The need to conserve and revitalize tribal cultural heritage, and give tribes a stronger voice in representing that heritage, was the beating heart of the institute. In addition to workshops on topics like collections management and cataloging — including a day at the Hearst’s basket and textile storage facility in Emeryville — participants were schooled in such issues as the Native American Graves Protection and Repatriation Act, better known as NAGPRA, the 1990 law that requires institutions receiving federal funding to return human remains and other cultural objects to tribes.
Under the leadership of Mari Lyn Salvador, the Hearst Museum — which has a large collection of bones dug up decades ago by Berkeley archaeologists — has hired additional staff to help with the challenging task of repatriating the bones of Native Americans to their respective tribes for burial. Myers, who co-conducted the NAGPRA workshop, says the Hearst “has turned the corner with Mari Lyn in getting artifacts back to tribes.”
Salvador, one of the many scholars and museum experts who took part in the institute, presented a brief but brightly illustrated history of her own education in “how to bring indigenous knowledge to museums,” beginning with lessons learned working with Kuna Indians in Panama while still in her 20s.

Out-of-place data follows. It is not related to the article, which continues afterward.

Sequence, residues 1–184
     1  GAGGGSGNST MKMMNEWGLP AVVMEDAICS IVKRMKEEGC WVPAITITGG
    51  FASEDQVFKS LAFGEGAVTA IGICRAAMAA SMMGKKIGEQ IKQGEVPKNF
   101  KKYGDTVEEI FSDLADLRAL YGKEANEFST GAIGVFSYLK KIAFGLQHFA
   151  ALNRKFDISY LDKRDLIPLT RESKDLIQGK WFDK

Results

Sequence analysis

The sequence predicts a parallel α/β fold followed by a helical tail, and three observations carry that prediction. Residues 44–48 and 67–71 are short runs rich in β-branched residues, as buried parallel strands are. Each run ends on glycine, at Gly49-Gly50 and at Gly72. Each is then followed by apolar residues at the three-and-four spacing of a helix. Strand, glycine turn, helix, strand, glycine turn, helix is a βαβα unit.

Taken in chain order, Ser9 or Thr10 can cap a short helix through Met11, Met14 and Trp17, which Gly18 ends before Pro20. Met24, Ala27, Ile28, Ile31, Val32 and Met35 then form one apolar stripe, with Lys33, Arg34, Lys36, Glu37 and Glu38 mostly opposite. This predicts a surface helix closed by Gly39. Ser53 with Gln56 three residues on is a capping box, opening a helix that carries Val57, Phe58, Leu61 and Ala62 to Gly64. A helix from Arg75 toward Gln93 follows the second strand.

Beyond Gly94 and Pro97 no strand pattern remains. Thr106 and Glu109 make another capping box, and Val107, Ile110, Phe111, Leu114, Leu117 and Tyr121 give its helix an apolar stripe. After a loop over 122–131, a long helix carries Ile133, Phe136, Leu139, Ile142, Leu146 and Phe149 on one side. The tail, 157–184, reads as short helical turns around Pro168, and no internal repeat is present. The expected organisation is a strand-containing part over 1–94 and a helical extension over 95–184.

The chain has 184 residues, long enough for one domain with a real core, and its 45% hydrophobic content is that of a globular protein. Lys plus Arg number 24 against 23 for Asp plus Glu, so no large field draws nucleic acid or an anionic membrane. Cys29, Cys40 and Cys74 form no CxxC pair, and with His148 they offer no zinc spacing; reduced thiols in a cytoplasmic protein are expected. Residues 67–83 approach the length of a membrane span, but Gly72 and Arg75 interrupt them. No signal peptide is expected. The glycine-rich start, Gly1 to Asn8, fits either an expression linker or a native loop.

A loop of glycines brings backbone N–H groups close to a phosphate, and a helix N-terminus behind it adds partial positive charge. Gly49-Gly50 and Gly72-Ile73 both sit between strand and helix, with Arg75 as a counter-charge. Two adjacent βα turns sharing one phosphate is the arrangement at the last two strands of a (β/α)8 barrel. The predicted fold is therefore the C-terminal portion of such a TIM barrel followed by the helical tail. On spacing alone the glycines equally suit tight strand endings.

Lim, whose Santa Rosa museum is focused less on displaying artifacts than on using multimedia with the aim of “correcting misinformation” and “changing stereotypes” about Indians, recounted how she and her staff went about creating a permanent exhibit on Ishi, among the country’s best-known Indians — and its most misunderstood. She described grade-school classrooms in which Native American children, often a minority of one, are forced to “defend their history” against popular misconceptions.
“Our goal is that one day, our kids won’t have to do that,” Lim said.
On the institute’s final morning, the group sat in a circle in the Hearst galleries to hear Karen Biestman, who teaches at Berkeley Law and directs Stanford’s Native American Cultural Center, address the need to “transform ethnic museums into forums and places for confrontation, experimentation and debate,” all of it “grounded in the Native perspective.”
To Myers, who was instrumental in the creation of the California Indian Museum, that perspective is crucial — not just to museums, but to Indians themselves.
“We didn’t have our culture with us in the ways we should have,” says Myers, a Pomo who remembers riding the bus to Catholic catechism lessons as a boy in Ukiah. “Today we have young people thinking differently. They’re thinking it’s OK to be Indian, it’s OK to be proud of your people, where before — my mother’s generation especially — we’d bought into the idea that you had to get rid of that Indian-ness, that you wanted to be ‘an American.’
“But,” he adds, “you can be both.”